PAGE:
Curiosity got the best of me, and I conducted some quick tests. See Figure 2. Initial photosynthetic yield of a Porites lobata was tested over a range of light intensities. Alkalinity was boosted by 50% (100 to ~150 mg/l as CaCO3), and another set of yield measurements was made after approximately 20 minutes. Then a generous dose (27 milliliters each of Parts I & II to the 2,600 ml container holding the coral) of an algal nutrient mixture (Guillard’s f/2 formula) was added, and the coral was allowed in ‘soak’ in the increased nutrients for 24 hours. Then another set of yield measurements was made.
My hypothesis was not correct – there is no clear sign that rates of photosynthesis increased (or decreased, for that matter) dramatically and instantaneously as a response to elevated nutrient levels (for this particular coral under the conditions of the experiment). The goal of this experiment was not to produce results suggesting that elevated nutrients (nitrogen and phosphorus in particular) are not a concern – they, in the long term, could produce undesirable effects in a reef aquarium. These results do suggest that elevated nutrients are not an immediate concern if an aquarium is managed properly. As such, transferal of corals between aquaria with large differences in nutrient levels has been shown in this case to not cause a sudden increase in photosynthesis.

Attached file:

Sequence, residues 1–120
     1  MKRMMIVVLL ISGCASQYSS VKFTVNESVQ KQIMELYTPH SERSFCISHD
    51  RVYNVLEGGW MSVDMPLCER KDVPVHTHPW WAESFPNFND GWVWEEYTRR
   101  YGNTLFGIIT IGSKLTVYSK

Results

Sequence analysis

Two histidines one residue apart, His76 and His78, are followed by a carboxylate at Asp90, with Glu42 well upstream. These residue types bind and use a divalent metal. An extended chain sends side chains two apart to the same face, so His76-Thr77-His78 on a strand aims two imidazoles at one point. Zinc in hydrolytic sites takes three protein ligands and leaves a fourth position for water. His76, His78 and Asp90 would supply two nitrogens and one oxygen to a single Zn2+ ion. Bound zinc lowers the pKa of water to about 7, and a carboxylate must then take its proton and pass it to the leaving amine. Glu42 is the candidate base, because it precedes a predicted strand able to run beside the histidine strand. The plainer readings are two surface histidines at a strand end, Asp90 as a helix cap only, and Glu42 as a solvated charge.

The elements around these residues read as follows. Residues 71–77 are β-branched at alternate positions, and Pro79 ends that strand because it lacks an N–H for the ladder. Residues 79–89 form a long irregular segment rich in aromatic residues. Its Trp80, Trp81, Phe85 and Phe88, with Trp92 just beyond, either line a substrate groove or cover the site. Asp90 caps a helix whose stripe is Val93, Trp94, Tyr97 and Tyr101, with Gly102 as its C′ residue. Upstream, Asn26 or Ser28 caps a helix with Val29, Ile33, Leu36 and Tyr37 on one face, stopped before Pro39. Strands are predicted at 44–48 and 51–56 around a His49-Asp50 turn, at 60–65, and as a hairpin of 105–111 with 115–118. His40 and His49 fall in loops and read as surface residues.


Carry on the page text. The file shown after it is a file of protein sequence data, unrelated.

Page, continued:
Guillard’s f/2 formula contains (based on data provided by the manufacturer): 93,300 mg/l nitrogen (sodium nitrate), 20,000 mg/l phosphorus (monosodium phosphate), iron (8,200 mg/l), manganese (340 mg/l), cobalt (20 mg/l), zinc (37 mg/l), copper (17 mg/l), molybdate (9 mg/l) and B vitamins. These components are chelated and soluble (“bio-available”) to zooxanthellae. There’s enough information to calculate theoretical nutrient concentrations – I’ll leave the calculations for someone else. Suffice it to say that the nutrient concentrations were elevated well above that of the ocean and probably most aquaria. (Note: Even with ‘strong’ aeration, there was some precipitate in the bottom of the container that appeared to be mostly iron.)
These results suggest that elevated nutrients and certain elements are not immediate stressors to this coral and zooxanthellae species. Although pH modulation is suggested to be a stressor to some dinoflagellate species, apparently short-term exposure to elevated concentrations of elements required for photosynthesis is not, at least in this case. Obviously, this particular experiment’s protocol needs some work, but there is little doubt that elements were elevated. For practical purposes, this result suggests that at least some coral species and their zooxanthellae will not immediately bleach if exposed to modulating nutrient concentrations (such as transferal from one aquarium to another). Exposure to elevated macro- and micro-nutrients, short-term and long-term, will be investigated under more rigid and controlled conditions. More later.